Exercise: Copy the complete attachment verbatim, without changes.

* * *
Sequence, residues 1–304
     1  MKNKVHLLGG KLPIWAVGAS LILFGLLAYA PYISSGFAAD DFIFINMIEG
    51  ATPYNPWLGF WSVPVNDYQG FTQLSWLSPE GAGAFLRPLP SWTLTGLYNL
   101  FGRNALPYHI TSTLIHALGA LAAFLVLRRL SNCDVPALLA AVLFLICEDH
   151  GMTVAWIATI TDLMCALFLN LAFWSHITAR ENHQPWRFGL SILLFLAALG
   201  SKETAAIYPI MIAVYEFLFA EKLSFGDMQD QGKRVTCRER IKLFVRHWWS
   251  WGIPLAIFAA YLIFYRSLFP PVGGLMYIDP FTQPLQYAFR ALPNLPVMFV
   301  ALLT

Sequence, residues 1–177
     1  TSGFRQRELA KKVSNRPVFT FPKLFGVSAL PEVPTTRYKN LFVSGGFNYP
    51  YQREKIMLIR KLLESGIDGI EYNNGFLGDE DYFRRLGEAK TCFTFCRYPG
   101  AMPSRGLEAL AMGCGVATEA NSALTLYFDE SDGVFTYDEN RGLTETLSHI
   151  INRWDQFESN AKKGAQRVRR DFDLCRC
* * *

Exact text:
Sequence, residues 1–304
     1  MKNKVHLLGG KLPIWAVGAS LILFGLLAYA PYISSGFAAD DFIFINMIEG
    51  ATPYNPWLGF WSVPVNDYQG FTQLSWLSPE GAGAFLRPLP SWTLTGLYNL
   101  FGRNALPYHI TSTLIHALGA LAAFLVLRRL SNCDVPALLA AVLFLICEDH
   151  GMTVAWIATI TDLMCALFLN LAFWSHITAR ENHQPWRFGL SILLFLAALG
   201  SKETAAIYPI MIAVYEFLFA EKLSFGDMQD QGKRVTCRER IKLFVRHWWS
   251  WGIPLAIFAA YLIFYRSLFP PVGGLMYIDP FTQPLQYAFR ALPNLPVMFV
   301  ALLT

Sequence, residues 1–177
     1  TSGFRQRELA KKVSNRPVFT FPKLFGVSAL PEVPTTRYKN LFVSGGFNYP
    51  YQREKIMLIR KLLESGIDGI EYNNGFLGDE DYFRRLGEAK TCFTFCRYPG
   101  AMPSRGLEAL AMGCGVATEA NSALTLYFDE SDGVFTYDEN RGLTETLSHI
   151  INRWDQFESN AKKGAQRVRR DFDLCRC